Rainy season is finally coming to an end and the sun is shining brightly again, much to my delight! There are only 8 weeks left in the outreach for the Africa Mercy in Freetown, Sierra Leone. We are still running strong with several specialties going on: maxillofacial surgeries, general and plastic surgeries.
Plastic surgery here on the ship is very different to plastic surgery in a western country. Here on the ship, and in West Africa, our patients have much different needs. Most of the patients I look after have had horrible burns causing skin contractures like these patients pictured below.
Each of them, and many more have had skin grafting to release the contractures to bring back the use of their eyelid, neck, arm and hand. The photos may be shocking to you, but this is reality here. The best thing is that we are able to help them and bring back so much function that they have lost. There is a lot of work and nursing care involved in caring for plastics patients. They have dressing changes every second day and when there are more than 30 patients on the ward, it makes for a very busy day! We have pleaded with God for no infections in skin graft or donor sites and for quick healing for these patients, as some patients we had at the first plastic surgery stint at the beginning of the year stayed on the ship a long time (135 days)! And God has been faithful and answering so many prayers for us!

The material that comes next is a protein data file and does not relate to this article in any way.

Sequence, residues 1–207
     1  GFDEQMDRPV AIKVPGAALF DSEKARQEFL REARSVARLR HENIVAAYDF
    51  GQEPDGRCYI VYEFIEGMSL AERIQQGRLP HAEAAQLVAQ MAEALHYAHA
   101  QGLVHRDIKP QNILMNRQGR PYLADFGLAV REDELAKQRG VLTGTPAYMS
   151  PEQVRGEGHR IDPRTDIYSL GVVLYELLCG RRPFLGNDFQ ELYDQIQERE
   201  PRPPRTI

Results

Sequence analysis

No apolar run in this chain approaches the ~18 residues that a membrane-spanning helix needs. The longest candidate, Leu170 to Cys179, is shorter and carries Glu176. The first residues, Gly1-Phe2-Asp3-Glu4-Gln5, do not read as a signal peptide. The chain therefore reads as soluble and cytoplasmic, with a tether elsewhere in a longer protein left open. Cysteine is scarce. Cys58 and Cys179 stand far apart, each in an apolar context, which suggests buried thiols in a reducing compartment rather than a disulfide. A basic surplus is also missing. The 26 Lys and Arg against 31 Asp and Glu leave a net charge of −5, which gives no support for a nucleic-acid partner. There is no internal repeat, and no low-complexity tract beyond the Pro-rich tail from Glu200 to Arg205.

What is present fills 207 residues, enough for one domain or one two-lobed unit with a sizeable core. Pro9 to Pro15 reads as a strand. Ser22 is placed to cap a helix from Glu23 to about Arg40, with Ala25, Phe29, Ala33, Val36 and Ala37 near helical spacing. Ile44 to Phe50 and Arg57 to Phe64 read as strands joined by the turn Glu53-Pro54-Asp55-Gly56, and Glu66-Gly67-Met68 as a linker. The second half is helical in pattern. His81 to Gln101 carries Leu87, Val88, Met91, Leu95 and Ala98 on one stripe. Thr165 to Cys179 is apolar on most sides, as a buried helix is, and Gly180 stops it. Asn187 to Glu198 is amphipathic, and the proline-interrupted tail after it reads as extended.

With the patients staying on the ward for so many days as we wait for their wounds to heal, we bond quickly and enjoy many laughs and sometimes tears together. I wish I could fill this newsletter just with photos so you can see the fun we have together.
This year I have enjoyed the native language being so close to English that it is quite easy to communicate with the patients and have one-on-one chats. During a massive dressing change a week ago, on a patient who had been badly burnt as a baby, she told me in Krio with some English, that she had lived over the years with so much pain. This lady doesn’t have hands. Somehow when she was a baby with the burns, her hands had contracted back to her wrists, leaving the ends of her arms as if her hands had been cut off. Even though she expressed such emotional pain during that particular dressing change, she was so brave and never shed a tear. I have loved watching her interact with other patients and when the youth group came down to the wards last week and the girls performed a dance, she sat on her bed with the sweetest smile I’ve ever seen, innocently spread across her face. It made my heart melt. She is also married and has a 12 month old son, who is gorgeous of course! What an amazing mama!
With the outreach in Freetown running to a close, my group of friends and I are quickly trying to do all the things we have wanted to do before we leave the country. There are beaches to go to once again (now that it doesn’t rain every day!), visiting a few places here and there and I’m pulling out my camera once again, which seems to have gotten a little dusty over the last few months.
More and more friends leave as the outreach comes to an end, but thankfully my closest friends are mostly also staying at least two years with me. I’m so thankful for the group of people that God has given me to be my family here.